By Mike Staton
Michigan State University Extension
The recent heavy rains have created flooded conditions in many areas and producers need to understand how the standing water will affect their soybean fields. There is a lot of information available regarding the effects of flooded or saturated soils on emerged soybeans and this information is summarized in the Michigan State University Extension article, “Assessing water damage to emerged soybeans.”
There is less information about how flooding affects the germination of recently planted soybean seed. A 2001 journal article, “Flooding and temperature effects on soybean germination,” by Wuebker et al. is a commonly cited reference on this topic. The research was conducted in a growth chamber so that temperature, timing of the flooding and the duration of the flooding could be controlled and varied. The researchers looked at two temperatures, 59 and 77 degrees Fahrenheit, three timings, one, two and three days after imbibition (seed swell or 12 hours after planting) and five durations of flooding ranging from 1 hour to 48 hours.
The researchers found that overall, flooding adversely affected germination more severely at 59 F than at 77 F. This was true regardless of the duration of the flooding. They also showed that damage was reduced by warmer soil temperatures when the flooding occurred one to two days after imbibition. At 59 F, flooded conditions lasting for only 1 hour reduced germination rates by 22%.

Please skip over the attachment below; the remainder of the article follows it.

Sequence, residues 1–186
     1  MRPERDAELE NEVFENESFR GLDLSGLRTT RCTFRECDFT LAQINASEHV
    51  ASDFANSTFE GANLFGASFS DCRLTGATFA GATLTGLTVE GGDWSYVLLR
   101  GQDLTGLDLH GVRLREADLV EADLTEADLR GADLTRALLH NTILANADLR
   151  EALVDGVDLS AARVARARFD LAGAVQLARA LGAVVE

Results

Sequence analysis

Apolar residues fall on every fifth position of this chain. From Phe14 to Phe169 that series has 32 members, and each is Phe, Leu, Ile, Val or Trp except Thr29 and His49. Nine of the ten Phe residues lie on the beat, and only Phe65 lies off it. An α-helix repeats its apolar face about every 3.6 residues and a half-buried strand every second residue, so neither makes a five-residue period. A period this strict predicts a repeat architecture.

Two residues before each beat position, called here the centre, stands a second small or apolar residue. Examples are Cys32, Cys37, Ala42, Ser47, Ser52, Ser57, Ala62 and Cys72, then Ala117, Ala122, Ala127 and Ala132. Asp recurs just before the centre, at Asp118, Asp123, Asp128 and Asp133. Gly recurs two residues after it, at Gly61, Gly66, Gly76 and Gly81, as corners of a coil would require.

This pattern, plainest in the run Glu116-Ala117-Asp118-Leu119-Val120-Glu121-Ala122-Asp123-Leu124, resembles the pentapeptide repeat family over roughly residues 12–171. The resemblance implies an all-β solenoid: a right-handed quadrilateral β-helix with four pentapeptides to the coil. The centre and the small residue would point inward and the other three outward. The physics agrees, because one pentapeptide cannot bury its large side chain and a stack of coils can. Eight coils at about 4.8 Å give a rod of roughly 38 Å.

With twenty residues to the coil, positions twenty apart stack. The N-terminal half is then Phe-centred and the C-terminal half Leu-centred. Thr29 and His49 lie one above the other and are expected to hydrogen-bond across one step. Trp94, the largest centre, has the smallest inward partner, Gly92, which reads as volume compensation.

Timing and duration effects
When seed was flooded one day after imbibition, the duration of the flooding had less effect on germination than when the flooding occurred two to three days after imbibition. Germination was reduced by 33% when flooding occurred after two days and lasted for 48 hours and by 43% when flooding occurred after three days and lasted for 48 hours.
The research proves that flooding adversely affects soybean germination. However, producers should remember that this information was generated in a controlled environment and many factors such as seed quality, soil texture, pathogen population, soil structure and surface and subsurface drainage will affect the soybean germination in your fields. The only sure way to know the extent of the damage, if any, is to assess your soybean stand in the areas where water ponded for several days.
This article was published by Michigan State University Extension. For more information, visit https://extension.msu.edu. To have a digest of information delivered straight to your email inbox, visit https://extension.msu.edu/newsletters. To contact an expert in your area, visit https://extension.msu.edu/experts, or call 888-MSUE4MI (888-678-3464).